Swag has a long and patchy history in the world of business. For every hip pair of plaid socks, there are five t-shirts you may never wear, an itchy scarf, a notepad your kids might use, and an ugly mug; and most of all, likely thousands of dollars and lots of time invested to make those presents a reality. Now, a startup that has built a service to rethink the concept behind corporate gifts and make them more effective is today announcing a round of funding to continue expanding its business -- and one sign that it may be on to something is its progress so far.
Alyce, a Boston startup that has built an AI platform that plugs into various other apps that you might use to interact and track your relationships with others in your working life -- sales prospects, business partners, colleagues -- and then uses the information to personalise gift recommendations for those people, has raised $30 million, a Series B that it will be using to continue building out its platform, signing up more users, and hiring more people for its team.
This round is being led by General Catalyst, with Boston Seed Capital, Golden Ventures, Manifest, Morningside and Victress Captial -- all previous backers -- also participating.
Alyce says that it has grown 300% year-over-year between 2019 and 2020, tackling a corporate gifting and promotional items industry that ASI Market Research estimates is worth around $24.7 billion annually. Its customers today include Adobe's Marketo, G2, Lenovo, Wex, Invision, DialPad, GrubHub, and 6Sense.
As with so many other apps and services that aim at productivity and people management, Alyce notes that this year of working remotely -- which has tested many a relationship and job function, led to massive inbound and outbound digital activity (the screen is where everything gets played out now), and frankly burned a lot of us out -- has given it also a new kind of relevance.
“As everyone was flooded with spam last year unsubscribing soared," Greg Segall, founder and CEO of Alyce, said in a statement. "When a prospect opts out, that’s forever. It’s clear that both brands and customers crave the same thing - a much more purposeful and relatable way to engage."
Alyce's contribution to more quality engagement comes in the form of AI-fueled personalization.
Linking up with the other tools people typically use to track their communications with people -- they include Marketo, Salesforce, Vidyard and Google's email and calendar apps -- the system has been built with algorithms that read details from those apps to construct some details about the preferences and tastes of the intended gift recipient. It then uses that to come up with a list of items that might appeal to that person from a wider list that it has compiled, with some 10,000 items in all. (And yes, these can also include more traditional corporate swag items like those socks or mugs.) Then, instead of sending an actual gift, "Swag Select", as Alyce's service is called, sends a gift code that lets the person redeem with his or her own choice from a personalised, more narrowed-down list of items.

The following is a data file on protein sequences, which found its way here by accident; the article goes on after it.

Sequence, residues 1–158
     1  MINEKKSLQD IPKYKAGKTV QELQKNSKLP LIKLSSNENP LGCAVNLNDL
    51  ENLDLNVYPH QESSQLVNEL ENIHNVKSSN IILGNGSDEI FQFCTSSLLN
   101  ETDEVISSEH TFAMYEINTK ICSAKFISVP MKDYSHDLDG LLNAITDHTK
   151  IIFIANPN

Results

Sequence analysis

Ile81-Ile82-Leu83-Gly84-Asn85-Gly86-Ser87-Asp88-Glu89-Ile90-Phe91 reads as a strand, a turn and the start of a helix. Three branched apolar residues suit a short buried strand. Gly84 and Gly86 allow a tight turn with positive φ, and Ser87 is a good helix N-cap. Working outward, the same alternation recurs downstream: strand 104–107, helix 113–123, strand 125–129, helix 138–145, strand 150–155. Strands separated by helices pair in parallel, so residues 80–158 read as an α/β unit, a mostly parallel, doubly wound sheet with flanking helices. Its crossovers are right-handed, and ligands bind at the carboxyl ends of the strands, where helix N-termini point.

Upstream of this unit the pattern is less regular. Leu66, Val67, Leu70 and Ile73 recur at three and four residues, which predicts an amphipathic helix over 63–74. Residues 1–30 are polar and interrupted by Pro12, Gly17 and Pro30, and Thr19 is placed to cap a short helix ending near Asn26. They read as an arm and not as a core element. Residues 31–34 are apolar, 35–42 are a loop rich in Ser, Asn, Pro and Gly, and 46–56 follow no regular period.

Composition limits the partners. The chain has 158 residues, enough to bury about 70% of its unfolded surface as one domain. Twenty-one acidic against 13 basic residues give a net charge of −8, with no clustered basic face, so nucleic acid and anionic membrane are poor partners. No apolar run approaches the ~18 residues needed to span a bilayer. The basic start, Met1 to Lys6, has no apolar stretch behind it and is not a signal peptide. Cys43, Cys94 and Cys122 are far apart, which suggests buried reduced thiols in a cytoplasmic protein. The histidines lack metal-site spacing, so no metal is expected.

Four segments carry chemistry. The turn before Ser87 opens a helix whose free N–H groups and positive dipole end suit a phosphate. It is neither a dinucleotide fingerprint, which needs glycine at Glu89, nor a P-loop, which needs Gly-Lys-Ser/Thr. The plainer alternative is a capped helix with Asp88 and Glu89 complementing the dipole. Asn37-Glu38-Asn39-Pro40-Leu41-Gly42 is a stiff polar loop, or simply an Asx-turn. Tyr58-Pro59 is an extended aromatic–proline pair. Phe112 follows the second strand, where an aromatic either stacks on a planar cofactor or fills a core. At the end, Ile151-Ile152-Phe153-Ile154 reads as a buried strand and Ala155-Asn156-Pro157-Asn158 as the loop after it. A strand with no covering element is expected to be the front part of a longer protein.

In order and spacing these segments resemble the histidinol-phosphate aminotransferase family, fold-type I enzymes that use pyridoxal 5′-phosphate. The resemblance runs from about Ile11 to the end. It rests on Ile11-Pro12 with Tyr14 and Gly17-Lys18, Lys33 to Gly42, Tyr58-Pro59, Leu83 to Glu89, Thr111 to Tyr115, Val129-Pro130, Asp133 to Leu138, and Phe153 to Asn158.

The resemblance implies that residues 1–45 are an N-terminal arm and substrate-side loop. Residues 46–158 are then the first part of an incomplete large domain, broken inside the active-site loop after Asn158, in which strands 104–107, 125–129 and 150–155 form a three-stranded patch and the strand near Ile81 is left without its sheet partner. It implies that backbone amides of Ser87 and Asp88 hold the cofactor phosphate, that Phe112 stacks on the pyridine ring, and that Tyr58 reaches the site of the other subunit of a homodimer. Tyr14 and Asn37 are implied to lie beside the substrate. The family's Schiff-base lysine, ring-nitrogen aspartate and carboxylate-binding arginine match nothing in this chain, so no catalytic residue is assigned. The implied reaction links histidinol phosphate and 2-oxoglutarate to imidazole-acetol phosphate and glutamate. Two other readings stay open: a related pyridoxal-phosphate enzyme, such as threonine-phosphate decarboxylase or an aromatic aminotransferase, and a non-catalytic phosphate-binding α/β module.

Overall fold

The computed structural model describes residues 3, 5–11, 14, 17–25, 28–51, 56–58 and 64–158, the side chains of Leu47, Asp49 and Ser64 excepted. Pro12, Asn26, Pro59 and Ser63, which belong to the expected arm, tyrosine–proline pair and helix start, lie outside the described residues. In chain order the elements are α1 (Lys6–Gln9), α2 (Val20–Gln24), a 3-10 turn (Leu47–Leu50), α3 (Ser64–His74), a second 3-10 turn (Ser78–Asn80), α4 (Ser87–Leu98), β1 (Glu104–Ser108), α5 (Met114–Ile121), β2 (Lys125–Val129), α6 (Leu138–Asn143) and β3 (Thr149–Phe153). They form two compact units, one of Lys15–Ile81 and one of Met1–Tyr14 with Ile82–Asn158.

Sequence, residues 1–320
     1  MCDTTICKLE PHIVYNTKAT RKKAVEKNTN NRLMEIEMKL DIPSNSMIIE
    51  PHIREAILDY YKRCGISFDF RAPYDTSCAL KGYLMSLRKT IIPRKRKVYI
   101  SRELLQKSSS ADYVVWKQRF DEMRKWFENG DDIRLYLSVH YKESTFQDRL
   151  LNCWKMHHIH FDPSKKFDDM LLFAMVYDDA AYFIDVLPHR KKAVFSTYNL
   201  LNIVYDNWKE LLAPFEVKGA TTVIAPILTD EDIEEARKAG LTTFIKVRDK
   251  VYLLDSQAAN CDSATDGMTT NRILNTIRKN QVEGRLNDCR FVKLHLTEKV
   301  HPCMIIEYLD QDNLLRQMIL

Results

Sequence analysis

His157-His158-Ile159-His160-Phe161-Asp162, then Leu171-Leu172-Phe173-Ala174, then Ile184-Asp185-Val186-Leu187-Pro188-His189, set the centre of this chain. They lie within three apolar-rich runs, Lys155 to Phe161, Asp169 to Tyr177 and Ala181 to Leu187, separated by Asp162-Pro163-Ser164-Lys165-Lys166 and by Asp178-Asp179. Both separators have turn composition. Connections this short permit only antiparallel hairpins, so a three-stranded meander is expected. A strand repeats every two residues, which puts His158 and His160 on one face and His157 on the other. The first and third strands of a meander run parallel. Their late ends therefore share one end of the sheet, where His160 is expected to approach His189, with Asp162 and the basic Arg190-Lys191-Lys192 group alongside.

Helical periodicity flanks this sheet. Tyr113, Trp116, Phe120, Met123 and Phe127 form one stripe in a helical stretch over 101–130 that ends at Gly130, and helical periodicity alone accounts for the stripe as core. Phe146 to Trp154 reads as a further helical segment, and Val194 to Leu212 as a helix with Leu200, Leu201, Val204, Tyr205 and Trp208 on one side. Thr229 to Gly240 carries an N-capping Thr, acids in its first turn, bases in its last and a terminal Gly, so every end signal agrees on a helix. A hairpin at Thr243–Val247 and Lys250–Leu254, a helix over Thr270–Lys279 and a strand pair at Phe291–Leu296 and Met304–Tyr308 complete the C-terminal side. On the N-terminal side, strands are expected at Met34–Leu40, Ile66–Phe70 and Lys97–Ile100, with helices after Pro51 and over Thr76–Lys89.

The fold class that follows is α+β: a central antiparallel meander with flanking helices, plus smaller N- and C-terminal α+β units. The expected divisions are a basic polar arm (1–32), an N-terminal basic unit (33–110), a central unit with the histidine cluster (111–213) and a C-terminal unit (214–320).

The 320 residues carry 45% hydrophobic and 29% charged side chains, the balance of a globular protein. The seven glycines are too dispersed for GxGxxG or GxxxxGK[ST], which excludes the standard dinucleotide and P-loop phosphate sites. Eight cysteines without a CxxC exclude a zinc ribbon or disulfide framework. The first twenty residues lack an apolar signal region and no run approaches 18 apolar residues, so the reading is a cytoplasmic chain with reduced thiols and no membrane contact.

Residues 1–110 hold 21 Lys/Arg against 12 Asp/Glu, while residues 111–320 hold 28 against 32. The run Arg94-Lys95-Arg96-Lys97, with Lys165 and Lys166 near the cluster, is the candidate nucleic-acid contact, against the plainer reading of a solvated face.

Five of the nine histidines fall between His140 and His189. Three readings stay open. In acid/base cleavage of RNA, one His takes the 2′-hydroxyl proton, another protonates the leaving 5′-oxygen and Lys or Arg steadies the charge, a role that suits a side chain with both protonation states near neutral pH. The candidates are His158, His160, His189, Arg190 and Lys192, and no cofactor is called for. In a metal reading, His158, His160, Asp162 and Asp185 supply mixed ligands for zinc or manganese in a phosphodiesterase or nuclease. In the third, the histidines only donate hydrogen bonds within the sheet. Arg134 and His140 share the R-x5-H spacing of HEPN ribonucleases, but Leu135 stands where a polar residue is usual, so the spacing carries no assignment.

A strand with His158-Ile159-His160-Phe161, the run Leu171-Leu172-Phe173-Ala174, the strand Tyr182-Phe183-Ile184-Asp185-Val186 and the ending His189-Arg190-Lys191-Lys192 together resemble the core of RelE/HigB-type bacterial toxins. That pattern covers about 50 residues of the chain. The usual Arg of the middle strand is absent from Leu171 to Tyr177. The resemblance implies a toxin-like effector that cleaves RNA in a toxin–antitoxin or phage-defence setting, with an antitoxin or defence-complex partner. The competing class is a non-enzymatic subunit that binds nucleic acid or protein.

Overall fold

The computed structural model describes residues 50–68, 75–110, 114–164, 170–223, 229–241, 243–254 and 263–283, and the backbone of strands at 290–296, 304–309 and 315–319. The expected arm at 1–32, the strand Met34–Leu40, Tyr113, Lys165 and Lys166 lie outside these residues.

Alyce itself doesn't actually hold or distribute the presents: it connects up with third parties that send these out. (It prices its service based on how much it is used, and how many more tools a user might want to have to personalise and send out gifts.)
Yes, you might argue that a lot of this sounds actually very impersonal -- the gift giver is not directly involved in the selection or sending of a present at all, which instead is "selected" by way of AI. Essentially, this is a variation of the personalization and recommendation technology that has been built to serve ads, suggest products to you on e-commerce sites, and more.
But on the other hand, it's an interesting solution to the problem of trying to figure out what to get someone, which can be a challenge when you really know a person, and even harder when you don't, while at the same time helping to create and fulfill a gesture that, at the end of the day, is about being thoughtful of them, not really the gift itself.
(You could also argue, I think, that since the gift lists are based on a person's observations about the recipient, there is in fact some personal touches here, even if they have been run through an algorithmic mill before getting to you.)
And ultimately, the aim of these gifts is to say "thank you for this work relationship, which I appreciate", or "please buy more printer paper from me" -- not "I'm sorry for being rude to you at dinner last night." Although... if this works as it should, maybe there might well be an opportunity to extending the model to more use cases, for example brands looking for ways to change up their direct mail marketing campaigns, or yes, people who want to patch things up after a spat the night before.
Notably, for General Catalyst, it's interested indeed in the bigger gifting category, pointing to the potential of how this service could be scaled in the future.
“At General Catalyst, we are proud to lead the latest round of funding for Alyce as the company has reimagined the gifting category with technology and impact. The ability to deliver products and experiences that both the giver and recipient feel good about is incredibly powerful,” said Larry Bohn, Managing Director at General Catalyst, in a statement.